Vol. 15 No. 2
"In all things of nature there is something of the marvelous" - Aristotle
In this issue...
From the Family Butterfly Book
the Family Butterfly Book
Did you know: Many Native tribes referred to butterflies as "flying flowers" because of their wonderful, often iridescent colors.
Aristotle's fellow Greeks demonstrated their appreciation of butterflies by coining the word chrysalis, which is Greek for "gold".
The caterpillar's body has thirteen segments. Because its skin doesn't stretch, the creature must shed the skin, or molt, several times as it grows. Each stage of growth is called an instar.
The caterpillar's final instar produces the chrysalis. A caterpillar spins silk and creates a chrysalis with the help of spinnerets on its mouth. Then, inside the chrysalis, occurs the remarkable transformation known as metamorphosis.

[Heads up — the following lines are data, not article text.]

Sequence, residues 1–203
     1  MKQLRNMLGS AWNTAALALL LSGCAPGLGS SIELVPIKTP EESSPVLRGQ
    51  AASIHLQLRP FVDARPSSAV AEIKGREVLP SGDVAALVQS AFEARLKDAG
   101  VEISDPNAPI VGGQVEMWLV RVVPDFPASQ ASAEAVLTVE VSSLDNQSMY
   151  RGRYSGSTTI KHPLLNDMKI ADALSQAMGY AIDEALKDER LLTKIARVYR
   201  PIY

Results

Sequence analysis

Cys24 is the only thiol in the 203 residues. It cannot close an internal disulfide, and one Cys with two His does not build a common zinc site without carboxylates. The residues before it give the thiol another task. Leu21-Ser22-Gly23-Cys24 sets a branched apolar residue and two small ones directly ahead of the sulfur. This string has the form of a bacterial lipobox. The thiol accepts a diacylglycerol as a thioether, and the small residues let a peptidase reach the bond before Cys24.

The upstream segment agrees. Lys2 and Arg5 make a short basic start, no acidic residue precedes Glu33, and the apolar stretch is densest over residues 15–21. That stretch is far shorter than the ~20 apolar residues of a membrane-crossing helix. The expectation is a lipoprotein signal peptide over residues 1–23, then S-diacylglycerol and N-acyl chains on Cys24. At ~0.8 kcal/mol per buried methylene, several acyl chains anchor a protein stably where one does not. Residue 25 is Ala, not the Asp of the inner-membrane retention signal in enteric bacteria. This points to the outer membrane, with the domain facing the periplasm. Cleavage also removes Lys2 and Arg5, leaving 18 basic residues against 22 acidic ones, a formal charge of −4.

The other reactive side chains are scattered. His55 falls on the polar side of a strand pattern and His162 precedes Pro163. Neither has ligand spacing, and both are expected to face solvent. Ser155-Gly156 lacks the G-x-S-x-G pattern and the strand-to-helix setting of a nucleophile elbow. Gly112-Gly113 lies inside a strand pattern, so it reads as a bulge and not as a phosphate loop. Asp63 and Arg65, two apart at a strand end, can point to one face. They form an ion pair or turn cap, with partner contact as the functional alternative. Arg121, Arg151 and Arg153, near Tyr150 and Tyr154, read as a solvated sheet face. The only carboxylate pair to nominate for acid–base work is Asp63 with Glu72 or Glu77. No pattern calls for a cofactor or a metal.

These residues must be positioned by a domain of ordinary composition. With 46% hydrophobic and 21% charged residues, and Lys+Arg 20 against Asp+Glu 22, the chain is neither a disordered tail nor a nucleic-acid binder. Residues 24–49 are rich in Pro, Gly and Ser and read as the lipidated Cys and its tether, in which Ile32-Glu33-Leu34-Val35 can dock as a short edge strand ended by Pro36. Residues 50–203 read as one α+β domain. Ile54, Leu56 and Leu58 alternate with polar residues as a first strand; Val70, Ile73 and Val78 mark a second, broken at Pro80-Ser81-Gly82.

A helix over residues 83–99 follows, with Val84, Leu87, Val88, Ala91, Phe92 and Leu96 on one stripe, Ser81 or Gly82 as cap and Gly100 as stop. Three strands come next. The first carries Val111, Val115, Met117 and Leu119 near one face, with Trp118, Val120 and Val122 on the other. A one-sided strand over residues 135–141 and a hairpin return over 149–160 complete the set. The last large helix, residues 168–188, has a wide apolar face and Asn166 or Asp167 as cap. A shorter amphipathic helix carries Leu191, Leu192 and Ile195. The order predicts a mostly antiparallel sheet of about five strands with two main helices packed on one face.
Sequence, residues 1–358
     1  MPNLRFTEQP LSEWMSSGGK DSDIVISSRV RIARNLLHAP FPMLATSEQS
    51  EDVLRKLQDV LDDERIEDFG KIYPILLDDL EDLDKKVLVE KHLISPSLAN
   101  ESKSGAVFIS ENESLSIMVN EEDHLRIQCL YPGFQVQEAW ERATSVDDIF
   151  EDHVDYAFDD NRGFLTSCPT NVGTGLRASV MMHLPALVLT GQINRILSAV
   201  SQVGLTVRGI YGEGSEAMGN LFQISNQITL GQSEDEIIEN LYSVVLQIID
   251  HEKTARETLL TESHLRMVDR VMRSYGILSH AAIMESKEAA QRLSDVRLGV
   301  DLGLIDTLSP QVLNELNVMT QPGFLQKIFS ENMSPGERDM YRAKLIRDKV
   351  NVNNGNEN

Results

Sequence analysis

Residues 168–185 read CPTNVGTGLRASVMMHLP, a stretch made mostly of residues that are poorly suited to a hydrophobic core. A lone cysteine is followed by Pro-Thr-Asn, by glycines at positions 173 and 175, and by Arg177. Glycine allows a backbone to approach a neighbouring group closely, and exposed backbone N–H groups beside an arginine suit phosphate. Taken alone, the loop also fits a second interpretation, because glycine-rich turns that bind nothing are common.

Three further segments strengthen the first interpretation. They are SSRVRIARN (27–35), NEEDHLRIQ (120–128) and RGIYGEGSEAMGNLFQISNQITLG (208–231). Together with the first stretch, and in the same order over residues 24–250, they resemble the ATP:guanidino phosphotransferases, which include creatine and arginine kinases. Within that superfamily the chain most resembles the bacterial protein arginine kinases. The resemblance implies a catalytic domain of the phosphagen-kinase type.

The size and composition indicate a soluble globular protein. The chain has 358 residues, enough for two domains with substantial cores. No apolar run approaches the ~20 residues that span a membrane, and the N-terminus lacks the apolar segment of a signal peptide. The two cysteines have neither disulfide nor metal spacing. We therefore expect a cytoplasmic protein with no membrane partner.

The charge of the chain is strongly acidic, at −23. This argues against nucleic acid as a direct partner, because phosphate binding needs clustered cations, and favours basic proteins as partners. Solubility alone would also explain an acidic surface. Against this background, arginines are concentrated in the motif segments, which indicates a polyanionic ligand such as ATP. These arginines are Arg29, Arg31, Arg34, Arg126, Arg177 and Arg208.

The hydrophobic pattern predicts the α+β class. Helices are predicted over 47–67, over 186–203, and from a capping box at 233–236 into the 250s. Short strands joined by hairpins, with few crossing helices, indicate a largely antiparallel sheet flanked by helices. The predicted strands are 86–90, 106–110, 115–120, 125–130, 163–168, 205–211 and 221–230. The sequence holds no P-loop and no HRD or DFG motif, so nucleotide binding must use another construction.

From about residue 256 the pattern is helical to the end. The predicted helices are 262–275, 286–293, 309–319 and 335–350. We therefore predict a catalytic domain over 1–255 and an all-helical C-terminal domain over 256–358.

The cremaster is the silken pad that attaches the chrysalis to a stem, twig, or other firm surface.
tips: If you have a stack of firewood on your property, check
every log before pitching it into your fireplace or woodstove. The woodpiles
offer a safe haven for chrysalises and overwintering adults; in fact,
many pupae look surprisingly like a knot of wood and can be easily overlooked.
Help save innocent lives!